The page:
By Heather Johnson
Perennially fascinated with the feel of the wind in one's hair, a new life in a new locale, and the freedom and mysteries along the unknown terrain, the road movie is a quintessentially American art form. While not a genre of its own per se, the road movie can encompass elements of other genres, including everything from horror, thriller and film noir, to comedy, cult and crime, among others. To further complicate matters, we can trace the road movie concept back to an era dating back long before there were cars.
Consider Homer's epic poem, The Odyssey, which follows Odysseus, king of Ithaca, on his voyage home after the Trojan War. One of the first works centered on the journey, The Odyssey spawned several films through the years. In 1911, director Francesco Bertolini based the silent film Odissea on the classic Greek poem. O Brother, Where Art Thou?, a more recent derivative (even though brothers Joel and Ethan Coen claim to have never read the poem), involves (I'm oversimplifying here) a trio of escaped chain gang prisoners traversing across the southern U.S. so that the lead character, Ulysses Everett McGill (George Clooney) can reunite with his wife. Another excellent "cons on the run" road movie with a music tinge was Jim Jarmusch's Down By Law, co-starring singers (Lounge Lizard) John Lurie and Tom Waits, along with Roberto Benigni, skulking through the swampy south; Like O Brother, it also has, not surprisingly, a fine score.
The road movie typically involves one or more people in motion who face one or more challenges, and emerge either with newfound knowledge, a personal awakening, or, in the most tragic cases, death. These films often conclude with the protagonist reaching a destination, whether it's home or away from home, and with either pleasant or unpleasant results. Other times, a road movie depicts nomadic characters on a seemingly endless journey. Either they thrive on this type of adventure or don't see a way out of a vagabond lifestyle. The desire for something better, whether it's going to sunny California or the bustling Big Apple in search of fame and/or fortune, or escaping from a deadbeat husband, a dysfunctional family, or the law, is one defining element of the road movie.
The Grapes of Wrath
In 1940, John Ford directed one of the earliest road movies, The Grapes of Wrath, based on John Steinbeck's classic novel. Set in the early '30s, the Joad family's native Oklahoma had become a giant dust bowl, a result of the clearing of vegetation to create vast farmland. One of those farmers, Tom Joad (Henry Fonda), returned home from jail to find his home in foreclosure, not to mention in the middle of a dust storm. Desperate, Joad, like so many others during the Great Depression, packs up his family and heads west to California, in search of "a better life." Their journey is not a pleasant one, but they endure, their spirit and perseverance helping them overcome the tragedy that meets them along the way.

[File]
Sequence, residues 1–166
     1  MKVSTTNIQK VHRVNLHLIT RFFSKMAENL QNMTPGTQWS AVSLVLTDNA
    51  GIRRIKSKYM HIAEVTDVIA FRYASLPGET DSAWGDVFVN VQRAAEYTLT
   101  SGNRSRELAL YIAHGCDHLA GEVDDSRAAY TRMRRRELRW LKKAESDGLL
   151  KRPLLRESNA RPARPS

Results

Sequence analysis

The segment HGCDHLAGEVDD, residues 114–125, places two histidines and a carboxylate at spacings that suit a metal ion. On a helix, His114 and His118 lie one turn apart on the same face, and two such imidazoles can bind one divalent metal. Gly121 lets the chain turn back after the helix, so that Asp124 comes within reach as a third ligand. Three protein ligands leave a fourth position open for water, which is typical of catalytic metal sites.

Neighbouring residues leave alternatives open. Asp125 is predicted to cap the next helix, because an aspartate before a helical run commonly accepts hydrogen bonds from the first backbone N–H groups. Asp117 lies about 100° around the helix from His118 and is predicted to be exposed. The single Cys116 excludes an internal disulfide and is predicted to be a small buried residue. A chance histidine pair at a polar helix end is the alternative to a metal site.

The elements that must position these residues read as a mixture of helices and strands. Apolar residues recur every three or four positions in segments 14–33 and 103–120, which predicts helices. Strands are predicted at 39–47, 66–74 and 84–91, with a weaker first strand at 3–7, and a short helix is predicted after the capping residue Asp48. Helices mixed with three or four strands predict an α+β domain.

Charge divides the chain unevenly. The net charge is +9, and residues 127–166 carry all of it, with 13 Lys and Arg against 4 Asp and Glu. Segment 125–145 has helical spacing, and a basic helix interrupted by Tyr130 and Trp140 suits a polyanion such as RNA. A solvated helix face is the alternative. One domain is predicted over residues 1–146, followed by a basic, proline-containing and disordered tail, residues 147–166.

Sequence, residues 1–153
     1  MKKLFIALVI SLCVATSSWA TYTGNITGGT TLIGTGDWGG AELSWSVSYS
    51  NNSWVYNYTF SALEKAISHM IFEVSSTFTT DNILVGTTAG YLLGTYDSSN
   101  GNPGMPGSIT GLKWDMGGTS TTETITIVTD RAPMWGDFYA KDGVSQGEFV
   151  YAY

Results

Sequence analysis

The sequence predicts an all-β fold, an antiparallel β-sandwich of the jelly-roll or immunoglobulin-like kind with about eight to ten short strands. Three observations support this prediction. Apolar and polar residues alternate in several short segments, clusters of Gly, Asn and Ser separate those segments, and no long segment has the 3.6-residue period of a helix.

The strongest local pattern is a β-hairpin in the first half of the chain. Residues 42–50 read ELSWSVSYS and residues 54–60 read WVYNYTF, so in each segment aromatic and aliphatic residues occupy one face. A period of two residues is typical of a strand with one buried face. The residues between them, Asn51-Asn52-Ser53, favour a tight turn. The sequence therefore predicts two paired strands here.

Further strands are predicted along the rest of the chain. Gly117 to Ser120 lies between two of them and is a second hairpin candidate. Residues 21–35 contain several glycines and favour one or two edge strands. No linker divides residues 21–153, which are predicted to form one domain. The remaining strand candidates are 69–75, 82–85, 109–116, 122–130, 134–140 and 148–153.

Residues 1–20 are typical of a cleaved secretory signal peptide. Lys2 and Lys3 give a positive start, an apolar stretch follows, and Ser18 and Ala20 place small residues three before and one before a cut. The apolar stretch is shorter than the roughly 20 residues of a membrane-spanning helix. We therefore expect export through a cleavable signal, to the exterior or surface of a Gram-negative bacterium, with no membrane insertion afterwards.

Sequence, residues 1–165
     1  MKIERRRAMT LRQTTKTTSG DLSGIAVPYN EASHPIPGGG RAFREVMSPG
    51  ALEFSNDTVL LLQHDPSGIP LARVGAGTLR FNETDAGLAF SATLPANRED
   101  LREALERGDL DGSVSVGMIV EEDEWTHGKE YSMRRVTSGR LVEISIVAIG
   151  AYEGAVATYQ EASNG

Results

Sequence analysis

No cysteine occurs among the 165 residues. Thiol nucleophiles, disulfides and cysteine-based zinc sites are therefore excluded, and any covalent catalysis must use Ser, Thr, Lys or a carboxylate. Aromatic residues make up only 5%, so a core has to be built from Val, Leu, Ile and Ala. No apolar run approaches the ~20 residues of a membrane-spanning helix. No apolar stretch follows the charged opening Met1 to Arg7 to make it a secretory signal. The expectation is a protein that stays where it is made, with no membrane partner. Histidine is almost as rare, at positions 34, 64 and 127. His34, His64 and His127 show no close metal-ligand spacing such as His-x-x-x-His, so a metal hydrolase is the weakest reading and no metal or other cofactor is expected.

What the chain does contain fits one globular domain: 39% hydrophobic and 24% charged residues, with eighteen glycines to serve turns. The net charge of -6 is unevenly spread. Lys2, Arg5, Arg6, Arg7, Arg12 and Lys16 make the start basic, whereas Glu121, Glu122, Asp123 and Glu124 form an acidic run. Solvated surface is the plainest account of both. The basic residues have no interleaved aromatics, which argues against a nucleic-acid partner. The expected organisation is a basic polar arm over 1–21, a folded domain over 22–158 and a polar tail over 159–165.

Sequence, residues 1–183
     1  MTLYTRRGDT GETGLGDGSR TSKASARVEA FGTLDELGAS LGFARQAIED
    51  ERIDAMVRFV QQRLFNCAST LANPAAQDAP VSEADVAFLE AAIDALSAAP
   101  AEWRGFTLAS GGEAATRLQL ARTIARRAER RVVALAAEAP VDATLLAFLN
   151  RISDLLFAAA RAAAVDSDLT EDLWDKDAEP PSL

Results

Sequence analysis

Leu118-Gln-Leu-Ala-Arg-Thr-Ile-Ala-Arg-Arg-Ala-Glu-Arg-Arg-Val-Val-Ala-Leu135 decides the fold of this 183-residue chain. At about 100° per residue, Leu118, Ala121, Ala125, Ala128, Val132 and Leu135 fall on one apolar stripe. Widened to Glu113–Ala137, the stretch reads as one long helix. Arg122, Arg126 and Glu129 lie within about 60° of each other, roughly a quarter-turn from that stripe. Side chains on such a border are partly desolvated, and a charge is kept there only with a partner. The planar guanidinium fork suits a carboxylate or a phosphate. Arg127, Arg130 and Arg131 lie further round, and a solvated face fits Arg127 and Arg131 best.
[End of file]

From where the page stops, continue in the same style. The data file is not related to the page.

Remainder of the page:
Even more famously, one could cite director Victor Fleming's The Wizard of Oz, filmed in 1939, as a road movie. Although the road Dorothy travels down is made of yellow brick, her encounters along the way with fantastical witches, a tin man and talking lions and scarecrows, as well as her quest to reach a final destination, reflect the road movie's spontaneous spirit, albeit with a happy ending that finds Dorothy content at her Kansas home.
It Happened One Night
One of the best road movies of all time is also one of the best romantic movies, and some would argue, one of the better screwball comedies - It Happened One Night, with Clark Gable and Claudette Colbert (and which surely influenced the later film The Sure Thing, with John Cusack and Daphne Zuniga the strange bedfellows stuck together on the road). It doesn't get much better than that. Except, perhaps, with Sullivan's Travels, in which a film director (Joel McCrea) pretends to be poor so he can find out what it's "really like," but ends up "stuck" with Veronica Lake for most of his traveling. Preston Sturges' classic was also referenced in the Coen's O Brother Where Art Thou - which took its title from the film McCrea's character wanted to make.
On the run
Arthur Penn's Bonnie and Clyde, a road movie of the gangster variety produced by lead actor Warren Beatty in 1967, follows the notorious bank robbers from Oklahoma to Texas as they rob small banks along the way and escape the Establishment with every sharp turn of the wheel. They're young, rebellious, beautiful drifters who live on the run and out of their car on the open road. Their life is about the journey, and they meet their demise as a result of their violent adventures along the way.
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